Friday, August 1, 2008

Well, you ARE such a feminist. Get over it.

I heard this in my French class yesterday:

Girl: (mumble mumble mumble) 'Cause I'm such a feminist, right? Haha!

To be fair, I didn't hear the context in which the comment was said, or know much about the girl's personal history. However, as a lover of sarcasm and verbal ironies, I can tell when someone says something they don't mean. Tone of voice is everything here, and the word "feminist" was just dripping with disdain.

We had just finished small group discussions about the movie Apres-Vous about a man who saves the life of someone trying to commit suicide and while trying to set him back up with his girlfriend (who dumped the suicidal man), falls for her himself. It's not a particularly remarkable film in itself - the women are simplistically one-dimensional and the film doesn't even pass the "two women talking" aspect of the Bechdel Test. The main female character complains that she doesn't like being alone aka not dating anyone.

There is a scene where the two men each climb up to the woman's balcony and look in, wanting to go in and woo her, hands poised on the door handle. It's set up humorously, but I'm not sure what's so damn funny about stalking someone. Not to mention the multiple references to the woman's ex-boyfriend (after the suicidal man) encouraging the woman to drink so she'll be easier to get into bed, after she dumps him for cheating on her. The whole plot revolves around the main character trying to get the suicidal man and the woman back together, even though the woman calls the man overly-emotional and someone she doesn't want to date. The woman's desires and thoughts have no bearing in the plot of the film; she has no agency - it just matters to get her hooked up with one of the men.

All in all, a run-of-the-mill bad comedy with misogynist overtones; at least I know now the French can make just as shitty movies as we can here in America.

So when the girl said, "'Cause I'm such a feminist, right? Haha!" I'm guessing it wasn't because she was pissed about the balcony stalking or drugged rape or all-around negative female portrayal, but that someone said the word "feminism" and she jumped to the bra-burning angry dyke stereotype.

Here's what I have to say to that: Do you like being able to go to school? Are you for equal pay for equal work, regardless of gender? How about your best friend from Mexico (someone she mentions in class), do you want her to make 53 cents to every dollar a white man makes? Are you comfortable with handing your bodily sovereignty over to a politician who cares more about making sure you have no say over the activities of your uterus than about you? Do you like being able to afford birth control of any kind? How about having access to birth control in general? Will you concede all decisions about sexual activity to a future spouse? Do you like having the choice to get married at all?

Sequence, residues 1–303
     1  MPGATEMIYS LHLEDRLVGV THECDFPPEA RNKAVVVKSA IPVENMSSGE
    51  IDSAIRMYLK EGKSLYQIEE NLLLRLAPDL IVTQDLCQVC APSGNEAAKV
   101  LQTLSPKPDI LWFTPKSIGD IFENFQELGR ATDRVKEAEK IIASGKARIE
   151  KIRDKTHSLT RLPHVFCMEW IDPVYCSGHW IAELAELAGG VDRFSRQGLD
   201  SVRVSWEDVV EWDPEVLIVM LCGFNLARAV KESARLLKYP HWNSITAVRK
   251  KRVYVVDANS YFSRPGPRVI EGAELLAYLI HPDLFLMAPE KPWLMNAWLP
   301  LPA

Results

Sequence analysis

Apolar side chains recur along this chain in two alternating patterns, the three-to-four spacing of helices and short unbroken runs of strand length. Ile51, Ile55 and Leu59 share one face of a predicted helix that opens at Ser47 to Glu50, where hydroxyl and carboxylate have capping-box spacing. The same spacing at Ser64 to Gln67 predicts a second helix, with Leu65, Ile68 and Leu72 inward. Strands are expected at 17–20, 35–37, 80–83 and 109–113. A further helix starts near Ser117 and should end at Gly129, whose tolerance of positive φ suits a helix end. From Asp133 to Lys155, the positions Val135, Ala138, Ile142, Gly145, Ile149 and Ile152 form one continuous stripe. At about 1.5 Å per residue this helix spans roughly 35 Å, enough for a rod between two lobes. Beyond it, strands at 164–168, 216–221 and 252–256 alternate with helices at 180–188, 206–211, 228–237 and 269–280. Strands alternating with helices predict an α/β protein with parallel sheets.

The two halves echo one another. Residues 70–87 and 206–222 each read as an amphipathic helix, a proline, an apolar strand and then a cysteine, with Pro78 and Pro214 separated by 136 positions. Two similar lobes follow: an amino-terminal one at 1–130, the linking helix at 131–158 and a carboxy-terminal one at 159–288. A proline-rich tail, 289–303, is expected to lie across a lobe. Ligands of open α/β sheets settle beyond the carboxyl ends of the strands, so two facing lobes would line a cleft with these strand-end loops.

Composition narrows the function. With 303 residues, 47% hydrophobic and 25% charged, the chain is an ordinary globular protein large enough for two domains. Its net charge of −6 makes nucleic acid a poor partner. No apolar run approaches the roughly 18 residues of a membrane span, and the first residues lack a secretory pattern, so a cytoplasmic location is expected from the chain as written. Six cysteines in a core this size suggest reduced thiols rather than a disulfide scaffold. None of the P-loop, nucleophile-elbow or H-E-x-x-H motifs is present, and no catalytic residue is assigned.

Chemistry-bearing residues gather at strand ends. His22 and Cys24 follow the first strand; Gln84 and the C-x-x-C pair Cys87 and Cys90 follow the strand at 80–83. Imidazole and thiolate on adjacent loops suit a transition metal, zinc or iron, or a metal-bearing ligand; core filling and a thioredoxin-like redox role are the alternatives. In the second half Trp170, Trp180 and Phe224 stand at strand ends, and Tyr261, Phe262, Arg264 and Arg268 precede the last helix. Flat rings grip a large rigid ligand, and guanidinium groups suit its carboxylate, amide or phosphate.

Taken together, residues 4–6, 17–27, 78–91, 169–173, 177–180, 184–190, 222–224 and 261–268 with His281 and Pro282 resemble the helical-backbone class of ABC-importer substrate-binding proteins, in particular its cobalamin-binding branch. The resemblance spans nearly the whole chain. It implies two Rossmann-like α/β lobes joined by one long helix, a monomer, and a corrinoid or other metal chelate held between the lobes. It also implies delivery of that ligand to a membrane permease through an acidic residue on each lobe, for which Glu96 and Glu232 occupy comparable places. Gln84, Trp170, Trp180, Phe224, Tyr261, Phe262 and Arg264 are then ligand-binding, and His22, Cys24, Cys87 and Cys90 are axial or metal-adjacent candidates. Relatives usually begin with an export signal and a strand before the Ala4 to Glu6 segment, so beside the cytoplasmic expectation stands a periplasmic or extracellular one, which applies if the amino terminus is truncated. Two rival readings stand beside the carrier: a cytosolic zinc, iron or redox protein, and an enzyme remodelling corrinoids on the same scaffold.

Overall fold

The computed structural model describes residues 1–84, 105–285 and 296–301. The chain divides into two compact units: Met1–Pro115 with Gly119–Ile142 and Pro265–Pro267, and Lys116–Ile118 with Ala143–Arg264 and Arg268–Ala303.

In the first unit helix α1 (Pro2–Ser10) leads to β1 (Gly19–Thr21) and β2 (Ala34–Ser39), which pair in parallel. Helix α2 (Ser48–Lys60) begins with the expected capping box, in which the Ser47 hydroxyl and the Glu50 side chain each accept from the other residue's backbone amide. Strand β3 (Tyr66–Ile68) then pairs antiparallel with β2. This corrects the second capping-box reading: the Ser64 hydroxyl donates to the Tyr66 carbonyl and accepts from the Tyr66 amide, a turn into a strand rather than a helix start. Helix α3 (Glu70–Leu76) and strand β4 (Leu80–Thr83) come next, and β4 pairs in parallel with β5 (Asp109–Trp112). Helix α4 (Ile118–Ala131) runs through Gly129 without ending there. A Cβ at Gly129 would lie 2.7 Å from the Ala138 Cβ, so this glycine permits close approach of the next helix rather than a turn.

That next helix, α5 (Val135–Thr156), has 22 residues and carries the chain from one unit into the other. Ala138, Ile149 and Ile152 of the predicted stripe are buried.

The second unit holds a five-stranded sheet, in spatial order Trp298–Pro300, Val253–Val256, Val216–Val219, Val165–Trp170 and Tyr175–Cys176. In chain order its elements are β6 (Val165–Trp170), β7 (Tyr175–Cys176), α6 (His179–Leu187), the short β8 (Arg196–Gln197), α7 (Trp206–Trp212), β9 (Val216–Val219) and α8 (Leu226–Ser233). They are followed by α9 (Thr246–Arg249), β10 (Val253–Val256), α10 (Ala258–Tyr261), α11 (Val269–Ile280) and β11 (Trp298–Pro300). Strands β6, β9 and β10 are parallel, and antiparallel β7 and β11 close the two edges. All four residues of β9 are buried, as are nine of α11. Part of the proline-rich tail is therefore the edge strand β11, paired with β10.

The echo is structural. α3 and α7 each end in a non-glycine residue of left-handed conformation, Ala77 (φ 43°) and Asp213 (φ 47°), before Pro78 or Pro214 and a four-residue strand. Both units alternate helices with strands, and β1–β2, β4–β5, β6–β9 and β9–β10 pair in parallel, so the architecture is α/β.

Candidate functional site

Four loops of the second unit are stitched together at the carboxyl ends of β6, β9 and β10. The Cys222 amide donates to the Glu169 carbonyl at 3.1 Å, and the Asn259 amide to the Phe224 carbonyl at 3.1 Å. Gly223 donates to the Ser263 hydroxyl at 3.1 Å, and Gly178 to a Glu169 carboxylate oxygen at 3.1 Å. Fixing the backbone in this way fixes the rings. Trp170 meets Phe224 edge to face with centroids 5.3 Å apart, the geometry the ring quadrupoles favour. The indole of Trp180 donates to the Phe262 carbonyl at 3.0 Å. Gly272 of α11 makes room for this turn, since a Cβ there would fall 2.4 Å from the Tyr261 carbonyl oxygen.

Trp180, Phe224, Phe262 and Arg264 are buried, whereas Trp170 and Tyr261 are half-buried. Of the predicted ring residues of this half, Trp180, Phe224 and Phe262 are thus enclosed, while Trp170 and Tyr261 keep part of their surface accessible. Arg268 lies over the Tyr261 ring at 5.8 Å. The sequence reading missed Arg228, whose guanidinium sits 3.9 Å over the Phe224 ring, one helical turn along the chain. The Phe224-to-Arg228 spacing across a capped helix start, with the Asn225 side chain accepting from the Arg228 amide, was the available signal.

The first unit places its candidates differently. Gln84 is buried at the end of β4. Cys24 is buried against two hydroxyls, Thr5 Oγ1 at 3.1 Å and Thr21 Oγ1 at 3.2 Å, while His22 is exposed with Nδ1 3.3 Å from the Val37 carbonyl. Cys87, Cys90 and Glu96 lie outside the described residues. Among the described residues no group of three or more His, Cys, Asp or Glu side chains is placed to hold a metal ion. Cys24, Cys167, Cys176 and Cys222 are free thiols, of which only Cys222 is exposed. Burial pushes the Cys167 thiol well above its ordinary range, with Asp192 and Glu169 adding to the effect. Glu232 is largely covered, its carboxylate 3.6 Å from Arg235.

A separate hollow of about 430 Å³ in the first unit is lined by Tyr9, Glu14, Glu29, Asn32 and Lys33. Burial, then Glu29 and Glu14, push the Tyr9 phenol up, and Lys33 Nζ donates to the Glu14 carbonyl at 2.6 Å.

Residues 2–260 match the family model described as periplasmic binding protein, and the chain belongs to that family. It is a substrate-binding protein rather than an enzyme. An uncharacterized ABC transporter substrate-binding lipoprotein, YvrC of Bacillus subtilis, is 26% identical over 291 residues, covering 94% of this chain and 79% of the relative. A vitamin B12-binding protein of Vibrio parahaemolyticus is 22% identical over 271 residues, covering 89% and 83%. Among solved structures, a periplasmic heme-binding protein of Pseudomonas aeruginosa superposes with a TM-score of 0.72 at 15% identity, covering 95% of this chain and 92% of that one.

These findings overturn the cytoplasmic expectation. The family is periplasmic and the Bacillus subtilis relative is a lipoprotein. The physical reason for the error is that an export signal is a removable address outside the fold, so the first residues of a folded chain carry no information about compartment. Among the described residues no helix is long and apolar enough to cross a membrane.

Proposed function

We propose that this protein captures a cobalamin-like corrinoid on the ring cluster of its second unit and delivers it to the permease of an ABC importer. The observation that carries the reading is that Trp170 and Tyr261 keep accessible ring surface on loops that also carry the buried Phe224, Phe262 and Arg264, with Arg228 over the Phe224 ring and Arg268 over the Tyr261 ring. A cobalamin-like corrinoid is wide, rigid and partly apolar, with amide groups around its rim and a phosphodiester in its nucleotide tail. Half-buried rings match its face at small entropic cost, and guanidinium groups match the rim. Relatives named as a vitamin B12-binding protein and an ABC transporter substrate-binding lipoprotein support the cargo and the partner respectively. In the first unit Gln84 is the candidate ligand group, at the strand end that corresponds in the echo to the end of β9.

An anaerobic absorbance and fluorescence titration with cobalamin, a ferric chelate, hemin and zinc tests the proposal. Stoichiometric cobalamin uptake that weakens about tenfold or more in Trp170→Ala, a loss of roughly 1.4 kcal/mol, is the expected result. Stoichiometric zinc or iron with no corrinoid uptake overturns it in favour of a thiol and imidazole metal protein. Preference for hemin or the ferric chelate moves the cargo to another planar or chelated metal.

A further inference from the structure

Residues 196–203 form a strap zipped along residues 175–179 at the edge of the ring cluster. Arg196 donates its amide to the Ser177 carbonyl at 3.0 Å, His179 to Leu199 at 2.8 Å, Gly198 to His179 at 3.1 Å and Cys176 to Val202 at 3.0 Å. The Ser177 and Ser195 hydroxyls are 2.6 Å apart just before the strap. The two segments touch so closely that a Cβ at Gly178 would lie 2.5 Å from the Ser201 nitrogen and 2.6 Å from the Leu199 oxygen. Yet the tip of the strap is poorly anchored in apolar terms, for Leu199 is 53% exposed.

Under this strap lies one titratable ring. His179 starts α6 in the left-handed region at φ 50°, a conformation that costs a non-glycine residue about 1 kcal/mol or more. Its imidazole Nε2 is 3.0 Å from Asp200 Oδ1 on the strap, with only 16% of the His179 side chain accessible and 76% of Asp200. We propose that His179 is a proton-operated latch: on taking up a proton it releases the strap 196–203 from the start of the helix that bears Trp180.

Well then, let me break the bad news: YOU'RE A FEMINIST.

I know, it's kinda shocking, but it's true. Don't worry, your leg hair and armpit hair aren't going to grow out instantly and you'll still be attracted to whoever you want to be. But it's ok. You can call yourself a feminist and we won't think any less of you. Seriously. It's ok to be a feminist. Some might even say it's good to be one. You'll have better sex and relationships.

So... yeah. You ARE such a feminist. Congratulations!

7 comments:

frau sally benz said...

I vote for making up a crapload of "congrats! you're a feminist!" stickers. Maybe some "hate to break it to you, but you're a feminist" stickers too.

Lindsay said...

Hah, "hate to break it to you, but you're a feminist" would be great. Feminist merchandise rocks.

Amelia said...

I'm getting a feminism-related tattoo this winter break, because I'm sick of hearing stuff like this. Yeah, I am a feminist. Look, the fact is permanently inked on my body. :)

Habladora said...

There is often one of 2 things going on when someone who clearly falls under my definition of feminist tells me 'I'm not a feminist':

1. They only understand the stereotypes and have no idea what the word actually means (which you mention), or

2. They have an aversion to being seen as political in any way. Why people seem to think being informed and having strong opinions is a bad thing baffles me, but it is an attitude that seems fairly common.

Amelia said...

Your second point, Habladora, is a very good one. I encountered such attitudes a lot during my political growth during high school (I did not identify as a feminist back then, but the same attitudes came into play). I became a very outspoken pacifist, and a lot of my girl friends shied away from me because I was often challenging boys (boys that they often liked) to defend their positions on the "War on Terror" etc. It was like they didn't want to scare off members of the opposite sex by voicing their opinions, even when they shared mine. It was so sad that even though I knew I had supporters, no one would stand up with me.

And the worst part? Many of them seemed to do it because they didn't want to come off as a loud, bossy, obnoxious type because then they wouldn't have dates for homecoming/prom/etc.

Sad.

Lindsay said...

I never understood how the image of passive, opinionless women became appealing.

Oh wait... maybe it has something to do with the media. And maybe patriarchy. Just a guess.

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